1956-57: Wings


The Luzhniki Small Sports Arena.  (Image Source)

It has been far too long since the last entry in this series (a year and half, I see)!  When last we checked in, we looked at the 1955-56 season, won by the Central Red Army team, CSK MO Moscow (now CSKA), on the strength of a perfect 28-0 record.  Could anyone unseat the two-time defending champions?  Read on…

The 1956-57 Soviet Championship campaign began with great excitement and anticipation on a couple of fronts.  This season would see the USSR host, for the first time, the IIHF World Championship, and the event brought another important change to the country’s hockey.  In late 1956, there opened on the banks of the Moscow River the Luzhniki Small Sports Arena, capacity 8700, the USSR’s first indoor hockey rink.  The Luzhniki is still going strong too; it would serve up until just a couple of years ago as the home of Dynamo Moscow, and hosted some of Spartak’s games in the 2016-17 KHL season.  In its first season, a number of Soviet Championship games were held in the new arena, and it would of course be in service for the highly-anticipated World Championship.


Taking a rest on a chilly night, from l. to r.: Shuvalov, Babich, and Bobrov. (Image Source)

However, before the international tournament, there was a domestic season to be played.  The league did not relegate any teams after the 1955-56 season, but did promote Burevestnik Chelyabinsk from the second division, to make a 16-team top flight.  The format was a double round-robin; each team would play each other team twice, for a total of 30 games apiece.

CSK MO, as mentioned, were the defending champions, coming off that perfect 1955-56 campaign.  But changes were in store; 1956-57 would the last time that the team would call upon the services of the legendary trio of Vsevolod Bobrov, Yevgeny Babich, and Viktor Shuvalov.  And coach Anatoly Tarasov could see already the seeds of his superb 1960s Red Army and Soviet national teams in the likes of young forwards Veniamin Alexandrov and Konstantin Loktev.  The defence was still led by the speedy Nikolai Sologubov, voted best rearguard at the 1956 Olympics, alongside his steady partner Ivan Tregubov, and the goaltending was still done by the national team duo of Grigory Mkrtychan and Nikolai Puchkov, but this was a team with a certain amount of transition going on.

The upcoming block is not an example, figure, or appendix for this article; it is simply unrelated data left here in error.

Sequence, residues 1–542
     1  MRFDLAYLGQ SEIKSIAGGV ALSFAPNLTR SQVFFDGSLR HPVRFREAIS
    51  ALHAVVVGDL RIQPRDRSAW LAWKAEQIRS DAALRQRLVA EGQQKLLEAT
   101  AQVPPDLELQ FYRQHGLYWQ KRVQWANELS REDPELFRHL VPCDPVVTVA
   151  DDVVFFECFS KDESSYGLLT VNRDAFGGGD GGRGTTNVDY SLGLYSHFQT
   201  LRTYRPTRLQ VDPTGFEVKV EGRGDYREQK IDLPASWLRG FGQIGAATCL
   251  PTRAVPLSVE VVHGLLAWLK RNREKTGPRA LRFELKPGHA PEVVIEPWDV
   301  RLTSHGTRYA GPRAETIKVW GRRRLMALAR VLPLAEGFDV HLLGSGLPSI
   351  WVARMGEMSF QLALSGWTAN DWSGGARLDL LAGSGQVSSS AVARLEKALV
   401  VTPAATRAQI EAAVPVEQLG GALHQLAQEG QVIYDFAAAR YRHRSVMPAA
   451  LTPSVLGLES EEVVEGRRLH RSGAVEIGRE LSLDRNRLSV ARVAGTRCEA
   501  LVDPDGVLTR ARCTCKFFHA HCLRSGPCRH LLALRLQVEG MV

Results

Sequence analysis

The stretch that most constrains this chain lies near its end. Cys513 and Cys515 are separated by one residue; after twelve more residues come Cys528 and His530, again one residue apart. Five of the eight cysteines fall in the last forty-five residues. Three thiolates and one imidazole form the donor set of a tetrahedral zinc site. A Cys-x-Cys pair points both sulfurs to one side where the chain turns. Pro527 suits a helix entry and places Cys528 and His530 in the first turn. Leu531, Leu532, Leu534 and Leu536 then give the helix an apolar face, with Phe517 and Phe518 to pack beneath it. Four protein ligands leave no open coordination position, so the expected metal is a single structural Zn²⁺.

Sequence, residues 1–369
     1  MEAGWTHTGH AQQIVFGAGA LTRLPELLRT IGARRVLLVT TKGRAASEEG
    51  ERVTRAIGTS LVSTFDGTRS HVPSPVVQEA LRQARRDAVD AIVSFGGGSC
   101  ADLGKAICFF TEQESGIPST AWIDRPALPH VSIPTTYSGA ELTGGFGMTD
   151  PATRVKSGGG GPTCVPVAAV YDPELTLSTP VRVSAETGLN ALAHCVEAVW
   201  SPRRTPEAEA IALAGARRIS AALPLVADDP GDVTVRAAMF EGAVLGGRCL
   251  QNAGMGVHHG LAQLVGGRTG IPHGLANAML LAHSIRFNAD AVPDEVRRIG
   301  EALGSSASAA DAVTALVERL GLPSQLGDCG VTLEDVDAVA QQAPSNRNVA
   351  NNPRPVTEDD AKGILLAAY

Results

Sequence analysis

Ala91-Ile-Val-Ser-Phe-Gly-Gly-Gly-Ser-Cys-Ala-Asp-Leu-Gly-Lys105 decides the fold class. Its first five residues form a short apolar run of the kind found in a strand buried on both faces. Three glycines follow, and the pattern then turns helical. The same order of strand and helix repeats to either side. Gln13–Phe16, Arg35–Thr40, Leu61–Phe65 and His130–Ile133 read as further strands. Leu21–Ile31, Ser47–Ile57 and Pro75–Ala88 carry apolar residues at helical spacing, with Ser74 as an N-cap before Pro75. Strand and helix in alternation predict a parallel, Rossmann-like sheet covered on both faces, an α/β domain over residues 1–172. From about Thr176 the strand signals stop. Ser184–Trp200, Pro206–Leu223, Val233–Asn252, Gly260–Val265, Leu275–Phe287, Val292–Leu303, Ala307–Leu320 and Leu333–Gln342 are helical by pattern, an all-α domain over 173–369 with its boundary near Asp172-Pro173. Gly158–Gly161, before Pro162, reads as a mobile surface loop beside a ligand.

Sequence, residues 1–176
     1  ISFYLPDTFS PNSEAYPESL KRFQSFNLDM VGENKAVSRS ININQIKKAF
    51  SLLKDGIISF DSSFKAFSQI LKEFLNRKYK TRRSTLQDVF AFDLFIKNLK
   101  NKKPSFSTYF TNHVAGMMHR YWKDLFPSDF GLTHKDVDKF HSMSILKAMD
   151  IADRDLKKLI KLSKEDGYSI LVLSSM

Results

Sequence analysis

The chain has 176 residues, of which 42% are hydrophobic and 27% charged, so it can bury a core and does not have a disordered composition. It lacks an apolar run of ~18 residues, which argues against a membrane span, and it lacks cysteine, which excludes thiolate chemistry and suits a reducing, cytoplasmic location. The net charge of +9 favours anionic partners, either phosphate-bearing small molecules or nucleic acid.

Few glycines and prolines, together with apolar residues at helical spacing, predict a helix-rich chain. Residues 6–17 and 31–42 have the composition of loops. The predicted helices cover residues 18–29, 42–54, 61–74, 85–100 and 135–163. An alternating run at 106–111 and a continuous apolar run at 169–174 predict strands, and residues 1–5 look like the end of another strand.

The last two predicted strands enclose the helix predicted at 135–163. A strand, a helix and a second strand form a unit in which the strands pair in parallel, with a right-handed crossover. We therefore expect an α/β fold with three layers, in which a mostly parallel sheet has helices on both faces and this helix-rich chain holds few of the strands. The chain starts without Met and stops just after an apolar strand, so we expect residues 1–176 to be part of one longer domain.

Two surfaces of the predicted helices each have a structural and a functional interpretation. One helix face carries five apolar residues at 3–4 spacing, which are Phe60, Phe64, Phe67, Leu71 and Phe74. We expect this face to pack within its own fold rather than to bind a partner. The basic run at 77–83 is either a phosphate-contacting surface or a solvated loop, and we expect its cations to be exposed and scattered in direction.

Alexei Guryshev. (Image Source)

CSK MO’s closest pursuers for the title the previous season had been Krylya Sovetov Moscow, the team of the Soviet aviation and aeronautics industries.  Their top line, under the guidance of head coach Vladimir Yegorov, would feature two-time Soviet Championship goals leader Alexei Guryshev alongside Nikolai Khlystov and Mikhail Bychkov.  They were not the only three dangerous forwards on the team either; Krylya Sovetov (often referred to in English as “Soviet Wings” or “Wings of the Soviet”) could also look to Vladimir Grebennikov, whose 46 goals in 1955-56 had led the league.  Behind them was the excellent defenceman Alfred Kuchevsky, who, along with team-mates Guryshev and Khlystov, had been part of the 1956 Olympic gold medal team.  The goalies: 19-year-old Yuri Ovchukov and the veteran Boris Zapryagayev — not on par with the Puchkov/Mkrtychan duo, but a decent-enough tandem nonetheless.

For the first part of the season, it looked as though CSK MO were on track for a repeat; crucially, they defeated Krylya Sovetov 8-5 in the first meeting between the two.  Although the Red Army side’s two-year winning streak came to an end courtesy of a 0-0 draw with Dynamo Moscow, that was the only blemish on their record in the season’s first half.  Five times in the first half of the season, CSK MO scored ten or more goals in a single game, with the biggest rout being a 14-1 thrashing of Spartak Sverdlovsk.  For Krylya Sovetov meanwhile, the loss to CSK MO represented their only points dropped in the first 15 games.  And so the standings had Red Army ahead of the aviation industry side by a single point as the season moved into its second half.

There, however, things changed.  The second and final meeting of the season between CSK MO and Krylya Sovetov saw the Army team twice pull in front thanks to a pair of goals by the relatively unheralded Vladimir Brunov.  But each time, Krylya Sovetov responded, with goals by Anatoly Kiselev and Bychkov keeping the score levelled.  The winner, when it arrived, was an own goal; the puck deflected off the leg of CSK MO’s Tregubov and into his own net.  3-2 the final, Red Army’s first loss in the league since early in the 1954-55 season, and now it was Krylya Sovetov topping the table by a single point.